Eyebrows at campuses around the country furrowed with concern last week over an Associated Press report involving former Indiana governor and current Purdue University president Mitch Daniels. Indeed, “AP Exclusive: Daniels looked to censor opponents,” is one heck of a headline to hang on four emails the wire service stumbled upon in a Freedom of Information Act request—especially when the emails actually confirm Daniels’s commitment to high academic stand-ards, not cast doubt on them.

Daniels’s supposed thoughtcrime is pointing out that Howard Zinn’s A People’s History of the United States, a popular left-wing text, is a fraudulent work of scholarship. When he found out an Indiana University summer institute for schoolteachers was awarding professional development credits for reading the book, Daniels called it “a truly execrable, anti-factual piece of disinformation that misstates American history on every page.”

Daniels’s opinion is spot-on, but don’t take his word for it. The president of the National Association of Scholars, Peter Wood, runs down the recent criticism of Zinn’s book at the Chronicle of Higher Education. Well-known liberal Princeton University historian Sean Wilentz said Zinn “ceased writing serious history. He had a very simplified view that everyone who was president was always a stinker and every left-winger was always great.” Georgetown professor Michael Kazin, an editor at the left-wing journal Dissent, said, “Zinn’s big book is stronger on polemical passion than historical insight. For all his virtuous intentions, Zinn essentially reduced the past to a Manichean fable.” And this past March, the New Republic published a damning essay by David Greenberg, an associate professor of history and of journalism and media studies at Rutgers University, “Agit-Prof: Howard Zinn’s influential mutilations of American history.” It’s beyond dispute that Zinn’s book isn’t up to the kind of academic standards that justify it being taught as history, and the fact that Daniels thought public school teachers should receive no credit for reading it is hardly a scandal.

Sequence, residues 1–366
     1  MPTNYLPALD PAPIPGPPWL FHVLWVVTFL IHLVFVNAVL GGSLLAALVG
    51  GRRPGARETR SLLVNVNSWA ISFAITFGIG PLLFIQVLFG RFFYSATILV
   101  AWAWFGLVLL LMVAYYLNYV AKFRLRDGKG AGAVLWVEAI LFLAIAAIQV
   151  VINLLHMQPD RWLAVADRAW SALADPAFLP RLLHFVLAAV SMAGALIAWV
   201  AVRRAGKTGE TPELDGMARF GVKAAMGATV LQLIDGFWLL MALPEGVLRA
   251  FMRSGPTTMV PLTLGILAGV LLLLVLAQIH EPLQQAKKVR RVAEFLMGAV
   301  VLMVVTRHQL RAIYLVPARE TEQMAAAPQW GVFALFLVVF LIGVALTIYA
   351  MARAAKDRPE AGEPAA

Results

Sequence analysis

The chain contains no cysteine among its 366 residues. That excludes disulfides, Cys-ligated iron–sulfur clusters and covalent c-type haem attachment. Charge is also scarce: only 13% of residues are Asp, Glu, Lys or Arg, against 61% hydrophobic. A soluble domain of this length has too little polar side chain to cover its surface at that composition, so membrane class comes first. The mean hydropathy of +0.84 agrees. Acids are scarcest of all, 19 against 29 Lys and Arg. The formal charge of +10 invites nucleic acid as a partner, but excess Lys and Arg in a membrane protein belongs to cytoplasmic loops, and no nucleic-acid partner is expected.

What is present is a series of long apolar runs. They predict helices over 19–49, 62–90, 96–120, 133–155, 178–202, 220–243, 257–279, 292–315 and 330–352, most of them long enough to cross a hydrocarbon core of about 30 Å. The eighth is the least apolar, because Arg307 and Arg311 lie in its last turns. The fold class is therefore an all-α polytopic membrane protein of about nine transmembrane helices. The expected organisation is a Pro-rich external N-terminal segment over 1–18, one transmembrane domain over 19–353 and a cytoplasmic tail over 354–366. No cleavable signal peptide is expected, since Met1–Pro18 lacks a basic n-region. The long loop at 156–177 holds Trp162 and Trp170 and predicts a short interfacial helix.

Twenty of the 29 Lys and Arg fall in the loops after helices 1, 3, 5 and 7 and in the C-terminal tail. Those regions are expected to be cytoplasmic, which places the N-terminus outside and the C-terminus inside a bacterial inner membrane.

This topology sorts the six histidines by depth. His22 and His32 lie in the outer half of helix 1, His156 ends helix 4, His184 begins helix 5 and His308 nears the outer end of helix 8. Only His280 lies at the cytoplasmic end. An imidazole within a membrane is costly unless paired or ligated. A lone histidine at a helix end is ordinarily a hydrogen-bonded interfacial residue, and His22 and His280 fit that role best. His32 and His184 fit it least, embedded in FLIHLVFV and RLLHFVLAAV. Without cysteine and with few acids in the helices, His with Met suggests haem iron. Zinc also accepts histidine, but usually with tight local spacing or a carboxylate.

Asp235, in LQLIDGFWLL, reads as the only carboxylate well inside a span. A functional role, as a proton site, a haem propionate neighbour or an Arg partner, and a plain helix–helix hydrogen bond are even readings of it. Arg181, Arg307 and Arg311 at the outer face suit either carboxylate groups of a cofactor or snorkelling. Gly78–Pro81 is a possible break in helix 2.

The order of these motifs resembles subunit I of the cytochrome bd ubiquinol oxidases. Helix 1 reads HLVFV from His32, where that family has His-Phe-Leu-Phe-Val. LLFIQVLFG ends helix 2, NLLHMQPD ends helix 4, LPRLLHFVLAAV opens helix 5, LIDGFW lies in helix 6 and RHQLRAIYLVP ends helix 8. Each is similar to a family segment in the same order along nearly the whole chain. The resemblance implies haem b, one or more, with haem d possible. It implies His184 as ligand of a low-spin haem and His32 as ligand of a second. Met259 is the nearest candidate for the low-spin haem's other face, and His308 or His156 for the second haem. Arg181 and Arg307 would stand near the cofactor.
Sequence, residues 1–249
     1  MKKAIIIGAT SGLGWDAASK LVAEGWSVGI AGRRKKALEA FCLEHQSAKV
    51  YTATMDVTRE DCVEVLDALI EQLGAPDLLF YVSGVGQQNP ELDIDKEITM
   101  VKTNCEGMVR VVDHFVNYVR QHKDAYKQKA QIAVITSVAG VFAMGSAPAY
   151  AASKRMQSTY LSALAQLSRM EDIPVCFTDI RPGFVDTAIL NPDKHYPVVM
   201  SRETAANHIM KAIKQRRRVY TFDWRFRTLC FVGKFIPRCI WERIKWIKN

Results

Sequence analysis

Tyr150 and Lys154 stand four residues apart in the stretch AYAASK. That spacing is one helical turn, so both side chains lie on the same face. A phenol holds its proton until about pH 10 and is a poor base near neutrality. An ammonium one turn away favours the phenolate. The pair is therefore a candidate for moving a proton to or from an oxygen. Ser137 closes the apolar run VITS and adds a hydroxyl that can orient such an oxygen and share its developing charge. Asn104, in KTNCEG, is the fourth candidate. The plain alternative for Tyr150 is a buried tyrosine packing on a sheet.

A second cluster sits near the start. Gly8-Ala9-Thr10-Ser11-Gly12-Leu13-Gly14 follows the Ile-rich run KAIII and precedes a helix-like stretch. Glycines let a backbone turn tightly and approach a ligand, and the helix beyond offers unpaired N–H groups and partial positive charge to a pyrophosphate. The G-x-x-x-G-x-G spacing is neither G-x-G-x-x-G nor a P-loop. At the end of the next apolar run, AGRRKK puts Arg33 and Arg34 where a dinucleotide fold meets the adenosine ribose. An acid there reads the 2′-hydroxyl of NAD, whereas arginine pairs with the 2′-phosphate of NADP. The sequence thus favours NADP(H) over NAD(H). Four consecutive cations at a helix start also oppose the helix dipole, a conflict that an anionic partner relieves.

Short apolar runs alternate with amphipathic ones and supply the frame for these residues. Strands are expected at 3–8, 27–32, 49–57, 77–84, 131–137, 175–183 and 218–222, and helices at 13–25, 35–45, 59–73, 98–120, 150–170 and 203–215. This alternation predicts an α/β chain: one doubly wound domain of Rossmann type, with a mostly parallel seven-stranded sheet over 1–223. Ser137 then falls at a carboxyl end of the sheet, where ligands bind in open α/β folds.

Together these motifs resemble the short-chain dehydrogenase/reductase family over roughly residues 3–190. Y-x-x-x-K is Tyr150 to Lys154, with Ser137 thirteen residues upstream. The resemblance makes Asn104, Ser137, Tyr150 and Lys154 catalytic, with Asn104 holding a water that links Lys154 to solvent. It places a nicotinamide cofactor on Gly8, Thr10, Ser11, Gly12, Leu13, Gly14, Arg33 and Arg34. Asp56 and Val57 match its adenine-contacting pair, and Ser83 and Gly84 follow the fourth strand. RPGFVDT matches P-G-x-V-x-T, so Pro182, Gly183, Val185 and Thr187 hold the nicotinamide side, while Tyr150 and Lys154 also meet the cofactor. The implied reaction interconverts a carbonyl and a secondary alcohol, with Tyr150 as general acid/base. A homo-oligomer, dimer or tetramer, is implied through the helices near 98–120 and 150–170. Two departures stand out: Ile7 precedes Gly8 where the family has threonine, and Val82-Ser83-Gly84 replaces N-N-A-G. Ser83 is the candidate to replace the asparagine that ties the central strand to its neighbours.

It’s only controversial because leftists have spent decades celebrating Zinn. (It’s even become a touchstone in popular culture—Matt Damon’s character in Good Will Hunting, a supposed genius, gave the book an extended plug.) The only possible reason one of the nation’s biggest media outlets is calling Daniels a “censor” is that the left still feels it will lose credibility if the truth about Zinn becomes widely known.

In fact, Zinn’s influence may be on the wane. True, over 90 members of Purdue’s faculty have signed an open letter hyperventilating that Daniels’s emails call into question the “very legitimacy of academic discourse.” But as First Things pointed out, Daniels, the former head of the Office of Management and Budget, is good with math, so he can relax:

There are roughly 1,800 faculty at Purdue University, and just 90 of them signed this letter. There are 34 active full-time faculty in the History department, and just 15 of them signed it. There are 17 specialists in one branch or another of American history in that department, and just seven of them signed it. The History department at Purdue appears to be in better shape than one might have guessed, for a major American university these days.

Sleep tight, President Daniels. The tumbril is not arriving for you any time soon.

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